„What has me halt in front of a picture by Elena Strubakis?
Let me go back and tell the story of how my body moved here, a story about halting still. How do pictures solidify, how to they emerge in the first place, how do I keep them from vanishing again before my eyes?
I sit on the bank and wait. In the distance, some kids are jumping up and down, apparently by some rule. Right, in Vienna it is called "Tempelhupfen" – jumping along a grid that has been drawn on the asphalt with crayons, an old game known for millennia. I try to capture the patterns they draw into the air – in vain, as it is gone immediately.
I stop as a crane unloads huge stone plates, carefully, and ask the overseer what this is about, as I have not seen something like this before. They are gravestones from the old Jewish graveyard. After restauration they are being put back into the ground by one third, they are safe now. A safety that does not calm one's mind.
At the museum, I stop in front of a Greek vase.
Grieving soldiers circling around the fallen hero, from Ilias.
Much later, I am surprised to read that the realization of a far distant scene does not pose a problem only for us, who are contemporarily familiar with the myth, but did so already for a late Greek theorist, Pseudo-Longinos, on Sicily in the age of Emperor Augustus.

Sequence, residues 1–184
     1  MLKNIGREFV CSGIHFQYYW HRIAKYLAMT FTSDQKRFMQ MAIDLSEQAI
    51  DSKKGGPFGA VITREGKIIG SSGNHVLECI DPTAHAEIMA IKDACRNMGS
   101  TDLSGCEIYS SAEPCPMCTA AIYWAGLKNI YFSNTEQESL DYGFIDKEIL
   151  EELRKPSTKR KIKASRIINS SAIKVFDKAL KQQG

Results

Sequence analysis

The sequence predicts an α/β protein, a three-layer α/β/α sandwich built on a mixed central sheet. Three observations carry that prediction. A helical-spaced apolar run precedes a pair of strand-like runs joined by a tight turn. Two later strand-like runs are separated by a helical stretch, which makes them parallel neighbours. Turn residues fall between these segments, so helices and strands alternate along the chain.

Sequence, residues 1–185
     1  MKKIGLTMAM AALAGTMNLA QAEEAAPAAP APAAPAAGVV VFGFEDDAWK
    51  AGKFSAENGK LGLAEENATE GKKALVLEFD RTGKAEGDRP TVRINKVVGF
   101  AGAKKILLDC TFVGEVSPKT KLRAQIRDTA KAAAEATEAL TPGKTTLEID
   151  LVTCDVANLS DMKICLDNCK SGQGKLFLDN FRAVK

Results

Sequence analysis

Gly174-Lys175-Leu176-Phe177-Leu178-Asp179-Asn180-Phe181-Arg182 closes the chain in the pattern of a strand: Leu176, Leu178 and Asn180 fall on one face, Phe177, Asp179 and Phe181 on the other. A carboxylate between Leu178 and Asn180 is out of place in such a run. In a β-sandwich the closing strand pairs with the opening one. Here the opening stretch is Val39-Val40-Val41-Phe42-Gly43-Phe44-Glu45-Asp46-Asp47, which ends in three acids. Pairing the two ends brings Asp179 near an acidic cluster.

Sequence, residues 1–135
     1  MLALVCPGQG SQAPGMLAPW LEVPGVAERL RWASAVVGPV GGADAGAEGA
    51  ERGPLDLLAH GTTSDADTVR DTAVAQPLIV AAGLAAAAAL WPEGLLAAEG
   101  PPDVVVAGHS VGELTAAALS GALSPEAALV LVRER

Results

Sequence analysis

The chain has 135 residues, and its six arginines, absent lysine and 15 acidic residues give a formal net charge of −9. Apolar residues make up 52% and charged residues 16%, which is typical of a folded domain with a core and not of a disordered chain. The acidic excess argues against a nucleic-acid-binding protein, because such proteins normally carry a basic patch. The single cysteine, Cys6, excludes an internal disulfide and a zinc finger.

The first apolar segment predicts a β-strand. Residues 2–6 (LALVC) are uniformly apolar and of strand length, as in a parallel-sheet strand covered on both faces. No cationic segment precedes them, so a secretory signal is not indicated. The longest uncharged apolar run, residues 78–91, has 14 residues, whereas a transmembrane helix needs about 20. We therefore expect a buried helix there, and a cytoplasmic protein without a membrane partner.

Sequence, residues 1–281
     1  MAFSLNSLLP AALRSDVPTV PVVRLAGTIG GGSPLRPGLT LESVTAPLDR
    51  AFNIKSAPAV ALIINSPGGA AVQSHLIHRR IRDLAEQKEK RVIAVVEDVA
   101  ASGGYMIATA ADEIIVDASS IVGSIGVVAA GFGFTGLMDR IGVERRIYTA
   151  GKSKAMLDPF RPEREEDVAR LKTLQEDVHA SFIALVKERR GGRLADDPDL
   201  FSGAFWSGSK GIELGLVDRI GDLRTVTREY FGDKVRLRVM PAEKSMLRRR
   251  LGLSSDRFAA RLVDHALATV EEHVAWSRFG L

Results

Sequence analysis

"Father Zeus, o release from the dark night the Achaeans!/Clear up the sky for us, grant us the use of our eyes,/And let us die in the light most importantly!/"
Aias is begging for light to find an end worthy of his manhood, even if that meant he had to fight Zeus himself. "In Homer's Odyssey the poet provides proof that a each great mind is always injected with the desire to tell tales." (Aesthetics of Ancient Greece, Joachim Kruger, Berlin 1983)
The fact that we often can keep the things and works that we perceive as important only as a marking of our memory, as a vignette – that is to what Elena Strubakis's art is calling my attention. It does not mean, however, that those vignettes have the last word – she keeps the entrance to the world of myth open, its constant visualization. When we look at pictures on vases, we miss to think about what those vessels once kept inside: grain, wine or ashes.
So I stop and take another look at Elena Strubakis's pictures, this time with greater determination, within the time that has been given to me.”